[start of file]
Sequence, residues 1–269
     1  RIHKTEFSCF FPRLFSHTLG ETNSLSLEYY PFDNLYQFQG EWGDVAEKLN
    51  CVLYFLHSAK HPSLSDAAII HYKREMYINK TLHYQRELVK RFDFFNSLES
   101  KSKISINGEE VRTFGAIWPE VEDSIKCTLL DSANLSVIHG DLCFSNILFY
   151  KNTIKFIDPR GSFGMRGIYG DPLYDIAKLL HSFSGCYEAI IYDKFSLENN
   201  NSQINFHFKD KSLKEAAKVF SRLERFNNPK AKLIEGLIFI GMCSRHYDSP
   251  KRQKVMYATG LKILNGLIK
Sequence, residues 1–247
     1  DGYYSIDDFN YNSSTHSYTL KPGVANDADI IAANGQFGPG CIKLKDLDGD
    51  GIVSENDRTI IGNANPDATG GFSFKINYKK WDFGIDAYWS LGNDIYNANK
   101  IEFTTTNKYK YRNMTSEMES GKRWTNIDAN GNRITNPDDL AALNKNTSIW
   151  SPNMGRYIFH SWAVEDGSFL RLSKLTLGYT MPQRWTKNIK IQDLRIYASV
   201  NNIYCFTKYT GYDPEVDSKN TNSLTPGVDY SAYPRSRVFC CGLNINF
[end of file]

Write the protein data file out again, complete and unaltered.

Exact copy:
Sequence, residues 1–269
     1  RIHKTEFSCF FPRLFSHTLG ETNSLSLEYY PFDNLYQFQG EWGDVAEKLN
    51  CVLYFLHSAK HPSLSDAAII HYKREMYINK TLHYQRELVK RFDFFNSLES
   101  KSKISINGEE VRTFGAIWPE VEDSIKCTLL DSANLSVIHG DLCFSNILFY
   151  KNTIKFIDPR GSFGMRGIYG DPLYDIAKLL HSFSGCYEAI IYDKFSLENN
   201  NSQINFHFKD KSLKEAAKVF SRLERFNNPK AKLIEGLIFI GMCSRHYDSP
   251  KRQKVMYATG LKILNGLIK
Sequence, residues 1–247
     1  DGYYSIDDFN YNSSTHSYTL KPGVANDADI IAANGQFGPG CIKLKDLDGD
    51  GIVSENDRTI IGNANPDATG GFSFKINYKK WDFGIDAYWS LGNDIYNANK
   101  IEFTTTNKYK YRNMTSEMES GKRWTNIDAN GNRITNPDDL AALNKNTSIW
   151  SPNMGRYIFH SWAVEDGSFL RLSKLTLGYT MPQRWTKNIK IQDLRIYASV
   201  NNIYCFTKYT GYDPEVDSKN TNSLTPGVDY SAYPRSRVFC CGLNINF